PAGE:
By GREGORY ZELLER //
A sophisticated forensic-accounting operation with the technical chops to track cybercriminals around the globe is setting up in Syosset.
Accounting stalwart EisnerAmper LLP, which already boasts a high-tech “forensic accounting lab” in California, is assembling a second here on Long Island, with Nick Barone – a director in the firm’s Consulting Service Group and co-leader of EisnerAmper’s cybersecurity practice – heading the effort.
He doesn’t pack heat, flash a badge or work over thugs in dark alleys, but Barone is every bit a cop – a cyber cop, on the trail of some of the world’s most nefarious heavies. And even if he doesn’t have gum on his shoes, Barone’s hard-boiled fingerprints are all over some of the most infamous hacking cases in U.S. history.
“I have worked on national data breaches that you have read about in major media outlets,” Barone told Innovate LI. “One involved a very well-known restaurant chain that had stores on Long Island as well. One was a very large Midwestern university. Several were very prominent healthcare systems throughout the United States.”
All told, the computer-forensics specialist, certified fraud examiner and frequently called expert witness counts 43 states and 17 foreign countries among his crime scenes. He joined EisnerAmper in May specifically to head up the new Northeastern forensics lab, and while he can’t reveal too many specifics, he does note that his global investigations have invariably involved one of three types of cybercrime.
Barone historically gets the call after hackers penetrate networks and steal payment card information, protected health information or “personally identifiable information,” such as date of birth or social security number. During a 20-year career that’s included a stint as vice president for internal audits at multinational financial services corporation Morgan Stanley and another as director of large-scale projects for growth-strategy experts Navigant Consulting, he’s managed hundreds of incident-response and computer-forensic investigations around the world, often for Fortune 500 clients.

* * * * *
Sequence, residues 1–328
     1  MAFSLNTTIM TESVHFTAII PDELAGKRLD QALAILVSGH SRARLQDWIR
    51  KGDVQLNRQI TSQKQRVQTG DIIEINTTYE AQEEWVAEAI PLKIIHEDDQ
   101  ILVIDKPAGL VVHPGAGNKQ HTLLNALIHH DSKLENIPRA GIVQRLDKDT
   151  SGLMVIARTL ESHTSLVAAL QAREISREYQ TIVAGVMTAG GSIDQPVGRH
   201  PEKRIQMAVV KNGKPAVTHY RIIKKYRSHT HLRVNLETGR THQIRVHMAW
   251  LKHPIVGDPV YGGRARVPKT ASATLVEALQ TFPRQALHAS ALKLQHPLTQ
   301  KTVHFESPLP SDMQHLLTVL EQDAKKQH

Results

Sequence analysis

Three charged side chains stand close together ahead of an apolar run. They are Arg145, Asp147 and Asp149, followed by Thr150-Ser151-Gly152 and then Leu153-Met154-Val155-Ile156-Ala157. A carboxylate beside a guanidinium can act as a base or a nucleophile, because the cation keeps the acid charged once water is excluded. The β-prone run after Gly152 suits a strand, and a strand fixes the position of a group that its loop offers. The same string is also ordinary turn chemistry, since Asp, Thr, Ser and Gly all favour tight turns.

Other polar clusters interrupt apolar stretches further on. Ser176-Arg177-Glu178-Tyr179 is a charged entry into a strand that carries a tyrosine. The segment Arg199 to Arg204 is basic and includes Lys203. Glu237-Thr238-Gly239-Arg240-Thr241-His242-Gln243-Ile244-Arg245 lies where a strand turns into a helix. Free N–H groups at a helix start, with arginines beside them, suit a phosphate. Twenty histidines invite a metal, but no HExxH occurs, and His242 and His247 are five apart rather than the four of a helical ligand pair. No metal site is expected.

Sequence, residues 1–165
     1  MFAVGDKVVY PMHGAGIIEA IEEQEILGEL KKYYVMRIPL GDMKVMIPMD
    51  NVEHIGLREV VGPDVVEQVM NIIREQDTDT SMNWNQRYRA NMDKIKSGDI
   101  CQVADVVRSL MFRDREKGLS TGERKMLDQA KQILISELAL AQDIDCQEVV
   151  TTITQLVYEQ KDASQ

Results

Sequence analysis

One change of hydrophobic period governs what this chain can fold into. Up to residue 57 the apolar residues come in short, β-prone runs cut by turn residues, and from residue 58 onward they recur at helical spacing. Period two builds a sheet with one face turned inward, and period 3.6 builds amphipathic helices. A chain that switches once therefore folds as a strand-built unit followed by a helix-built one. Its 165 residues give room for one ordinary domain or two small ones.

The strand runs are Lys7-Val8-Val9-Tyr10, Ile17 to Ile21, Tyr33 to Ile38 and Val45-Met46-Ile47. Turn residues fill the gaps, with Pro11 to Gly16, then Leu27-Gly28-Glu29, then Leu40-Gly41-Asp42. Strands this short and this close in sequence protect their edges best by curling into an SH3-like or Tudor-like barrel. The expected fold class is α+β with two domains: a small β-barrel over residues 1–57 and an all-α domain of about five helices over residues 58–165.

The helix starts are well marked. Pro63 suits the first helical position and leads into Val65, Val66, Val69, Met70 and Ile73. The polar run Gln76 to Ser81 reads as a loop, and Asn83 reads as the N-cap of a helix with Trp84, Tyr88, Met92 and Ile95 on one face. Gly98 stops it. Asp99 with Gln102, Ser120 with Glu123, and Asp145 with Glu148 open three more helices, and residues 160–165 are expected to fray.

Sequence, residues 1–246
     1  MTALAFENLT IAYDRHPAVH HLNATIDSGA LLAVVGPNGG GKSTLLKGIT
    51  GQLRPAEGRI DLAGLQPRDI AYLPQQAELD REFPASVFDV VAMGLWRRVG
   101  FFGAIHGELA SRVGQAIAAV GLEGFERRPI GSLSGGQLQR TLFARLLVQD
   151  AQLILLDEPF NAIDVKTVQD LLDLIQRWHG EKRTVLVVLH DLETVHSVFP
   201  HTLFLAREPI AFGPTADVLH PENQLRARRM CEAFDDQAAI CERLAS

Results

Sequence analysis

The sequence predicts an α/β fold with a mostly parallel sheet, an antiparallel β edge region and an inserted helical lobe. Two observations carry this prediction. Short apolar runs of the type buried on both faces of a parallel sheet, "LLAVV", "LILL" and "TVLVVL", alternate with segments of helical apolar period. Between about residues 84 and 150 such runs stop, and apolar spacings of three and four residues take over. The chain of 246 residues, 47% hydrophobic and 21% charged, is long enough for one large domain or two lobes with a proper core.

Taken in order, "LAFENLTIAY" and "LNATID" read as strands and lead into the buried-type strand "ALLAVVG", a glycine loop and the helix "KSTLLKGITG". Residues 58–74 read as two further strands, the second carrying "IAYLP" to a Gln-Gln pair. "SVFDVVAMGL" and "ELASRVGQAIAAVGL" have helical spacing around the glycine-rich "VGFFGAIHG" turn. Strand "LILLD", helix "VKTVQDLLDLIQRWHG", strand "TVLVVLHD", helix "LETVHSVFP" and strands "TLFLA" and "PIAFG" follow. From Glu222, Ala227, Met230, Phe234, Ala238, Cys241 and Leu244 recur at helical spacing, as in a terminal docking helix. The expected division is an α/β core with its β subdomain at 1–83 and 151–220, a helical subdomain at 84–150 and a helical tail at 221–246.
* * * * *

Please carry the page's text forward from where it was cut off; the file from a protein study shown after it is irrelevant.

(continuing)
Those experiences have taught Barone that the need for topnotch cybersecurity efforts is enormous and still growing.
“It’s been very well publicized that cybersecurity is going to be the big job-builder over the next 25 years,” he noted. “I am here to expand the firm’s growing cybersecurity and investigation services. We already have a national presence and our West Coast operation, and I was recruited to come into the Northeast.”
The nature of cyber-investigations allows for plenty of remote work and “virtual teamwork.” The Syosset office will be built out to accommodate as many as 50 workers if necessary, Barone noted, but will actually be staffed by a team of about 15 – and even some of those will be remote operators.
However, even in a virtual world, “clients still have this expectation that you’re geocentric to their businesses,” Barone noted, leading EisnerAmper to establish a second forensic-accounting lab close to its New York City headquarters.
“You can have a lab anywhere, but there’s still an industry expectation of being locally based,” he said.
Like its Sacramento counterpart, the new laboratory will be able to probe those most-prevalent PCI, PHI and PII crimes, including the remote-collection of data critical to such investigations.
“That’s how these crimes are solved,” Barone said. “We need these facilities to be able to remotely connect to systems around the world to collect, analyze and report this data.”
While the new lab is most likely to start with those 10 to 15 investigators, EisnerAmper “certainly” plans to hire more people “in the New York City metropolitan area,” according to Barone, including new staffers for Syosset as the forensics operation there “continues growing.”
Whom, exactly, the Syosset laboratory will service is still to be determined, though Barone suggested there would be “no specific breakdown” on the client sheet.
“I would say it will be global,” he said. “All of my jobs are based on Long Island right now, but we have a couple of international jobs coming in. It always fluctuates based on client demands.”
Wherever his investigations lead, the digital detective will be happy to go there, even virtually – not happy because another major data breach has occurred, but thrilled to be fulfilling his lifelong ambitions in such a meaningful way.
“Cybersecurity was part of the presidential-election debate,” he said. “It’s the No. 1 threat to our country and to other countries and companies broad, from national-security and economic perspectives.
“I’ve spent my whole career being a criminal investigator for corporate America,” Barone added. “I always wanted to be a criminal investigator, and ultimately I came into [cyber-crime] because of the high technical complexity.
“It’s the passion of unraveling the complicated technical mystery.”